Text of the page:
Endosulfan: the Kerala story

Cover of the book published by Kerala Government, Endosulfan: the Kerala story

Chief Minister of Kerala V. S. Achuthanandan should be congratulated for offering fast on April 25 to press for ban on endosulfan. However, it only becomes penance for four years of inaction after he assumed office.

Despite the sympathies expressed for endosulfan campaign while he was the Opposition leader, Mr. Achuthanandan did hardly anything for the endosulfan victims for four years. He could not excuse himself that his party was in the way as this was one of the few issues on which the party was not at odds with him.

However, he scrambled back into action by the time the elections were around the corner. The Cabinet entrusted the State Council for Science, Technology and Environment with a quick assessment of the damage. However, the time available was very limited for a scientific study and the expert committee could not submit its report till now. It faced problems about sampling, testing and selection of control populations.

So, the all-party delegation went to Delhi without a scientifically prepared dossier but with a brochure on endosulfan to persuade the Centre to support an on endosulfan. The Centre took refuge on need for further studies though further studies are not really needed for the purpose of ban. There is ample evidence that endosulfan causes many diseases though it can be debated whether a particular case is caused by endosulfan. However, considering the known mechanisms of its causing diseases and known status of endosulfan persistent organic pollutant and one that can gravely affect the brain and reproductive systems, the precautionary principle applies. The principle has been upheld by courts in India, yet it has not been forcefully raised by the delegation.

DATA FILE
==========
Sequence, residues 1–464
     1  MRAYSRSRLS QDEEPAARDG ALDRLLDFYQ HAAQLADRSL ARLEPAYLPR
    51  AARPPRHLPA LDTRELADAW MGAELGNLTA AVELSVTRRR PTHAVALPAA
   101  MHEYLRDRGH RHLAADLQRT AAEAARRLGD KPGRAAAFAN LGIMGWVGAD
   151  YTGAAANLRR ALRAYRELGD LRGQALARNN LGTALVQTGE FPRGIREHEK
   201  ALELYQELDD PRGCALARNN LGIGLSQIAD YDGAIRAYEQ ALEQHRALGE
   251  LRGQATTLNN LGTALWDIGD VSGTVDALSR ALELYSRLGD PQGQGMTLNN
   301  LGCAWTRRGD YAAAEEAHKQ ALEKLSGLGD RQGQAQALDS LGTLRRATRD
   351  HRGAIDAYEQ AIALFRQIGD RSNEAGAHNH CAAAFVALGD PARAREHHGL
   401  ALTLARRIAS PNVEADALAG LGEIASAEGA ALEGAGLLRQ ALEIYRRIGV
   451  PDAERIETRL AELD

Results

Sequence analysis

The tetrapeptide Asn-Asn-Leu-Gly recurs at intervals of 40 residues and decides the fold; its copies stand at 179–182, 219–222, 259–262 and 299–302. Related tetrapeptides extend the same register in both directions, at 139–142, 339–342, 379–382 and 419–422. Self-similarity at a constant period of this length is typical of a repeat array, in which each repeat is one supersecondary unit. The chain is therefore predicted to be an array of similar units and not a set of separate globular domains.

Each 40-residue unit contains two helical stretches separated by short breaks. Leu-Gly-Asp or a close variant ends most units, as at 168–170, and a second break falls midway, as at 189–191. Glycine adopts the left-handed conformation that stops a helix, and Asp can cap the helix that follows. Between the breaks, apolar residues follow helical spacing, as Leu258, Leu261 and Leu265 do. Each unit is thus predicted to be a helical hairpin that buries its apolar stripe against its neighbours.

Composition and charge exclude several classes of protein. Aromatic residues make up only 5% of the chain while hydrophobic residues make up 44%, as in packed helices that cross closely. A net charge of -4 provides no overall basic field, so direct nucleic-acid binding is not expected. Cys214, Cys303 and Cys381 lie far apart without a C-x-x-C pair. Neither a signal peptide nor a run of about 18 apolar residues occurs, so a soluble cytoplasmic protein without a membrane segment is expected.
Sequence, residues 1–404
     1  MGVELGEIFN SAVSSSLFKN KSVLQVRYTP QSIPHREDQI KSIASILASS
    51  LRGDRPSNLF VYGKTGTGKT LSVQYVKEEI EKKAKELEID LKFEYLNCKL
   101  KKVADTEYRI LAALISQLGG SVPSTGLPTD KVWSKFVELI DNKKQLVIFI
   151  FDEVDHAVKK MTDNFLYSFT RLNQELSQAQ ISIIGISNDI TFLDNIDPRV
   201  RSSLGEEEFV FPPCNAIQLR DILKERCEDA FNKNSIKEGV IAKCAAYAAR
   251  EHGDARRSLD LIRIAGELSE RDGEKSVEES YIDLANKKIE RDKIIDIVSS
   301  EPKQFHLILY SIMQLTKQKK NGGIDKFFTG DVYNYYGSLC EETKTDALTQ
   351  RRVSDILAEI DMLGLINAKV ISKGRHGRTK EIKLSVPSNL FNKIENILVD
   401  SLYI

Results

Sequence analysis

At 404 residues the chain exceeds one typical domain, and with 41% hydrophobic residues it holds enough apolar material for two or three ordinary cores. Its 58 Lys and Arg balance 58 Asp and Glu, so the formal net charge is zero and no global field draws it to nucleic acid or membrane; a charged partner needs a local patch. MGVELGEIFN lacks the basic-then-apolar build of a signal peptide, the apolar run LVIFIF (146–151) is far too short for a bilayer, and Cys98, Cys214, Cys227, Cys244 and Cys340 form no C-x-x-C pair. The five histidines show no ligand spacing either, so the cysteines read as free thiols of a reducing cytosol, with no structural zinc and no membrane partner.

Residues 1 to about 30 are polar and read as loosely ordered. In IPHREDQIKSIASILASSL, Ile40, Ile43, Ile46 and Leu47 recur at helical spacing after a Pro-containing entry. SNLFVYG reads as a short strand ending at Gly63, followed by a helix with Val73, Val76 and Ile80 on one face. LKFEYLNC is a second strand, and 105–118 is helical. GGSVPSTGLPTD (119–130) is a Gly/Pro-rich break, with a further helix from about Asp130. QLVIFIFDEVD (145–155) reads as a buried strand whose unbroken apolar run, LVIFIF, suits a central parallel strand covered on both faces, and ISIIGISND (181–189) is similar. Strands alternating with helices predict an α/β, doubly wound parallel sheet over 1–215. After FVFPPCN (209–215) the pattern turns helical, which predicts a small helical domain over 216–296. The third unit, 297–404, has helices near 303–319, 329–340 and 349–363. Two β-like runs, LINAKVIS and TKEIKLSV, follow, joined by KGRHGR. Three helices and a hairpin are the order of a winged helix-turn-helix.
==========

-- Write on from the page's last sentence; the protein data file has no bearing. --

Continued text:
The government claims to have provided much assistance to the victims in recent months. However, it did not match even non-governmental organisations like Solidarity (youth arm of Jama ate Islami) . However, it is to be acknowledged that it did provide considerable medical assistance though it did not reach all. Though it has announced Rs. 2000 a month each to the victims in this year’s budget, the job of distributing it actually falls on the next government.  Even the Rs. 300 a month announced for by-standers are yet to reach many affected families. There are complaints that the survey done by the government to identify victims were not exhaustive even while it allowed some people affected by non-endosulfan related diseases to get into the list.

Though the problem in Kasaragod was known to governments for two decades, they had done nothing to decontaminate the area, supply pure drinking water or promote replacement of food crops with cash crops as food crops in the area also carried endosulfan residues according to some studies.

It is known that the officials of the Plantation Corporation of Kerala violated several laws in spraying endosulfan over large areas with little precautions. Though the Chief Minister promised action against them six months ago, no steps had actually been taken. A police investigation would be needed to find out whether they have also dumped stocks in pits and covered them up.  If the Corporation and its officials are allowed to go scot free, tragedies like that in Kasaragod would recur. In fact, it is already happening in Idukki district and elsewhere as motorised pumps are used to spray deadly pesticides.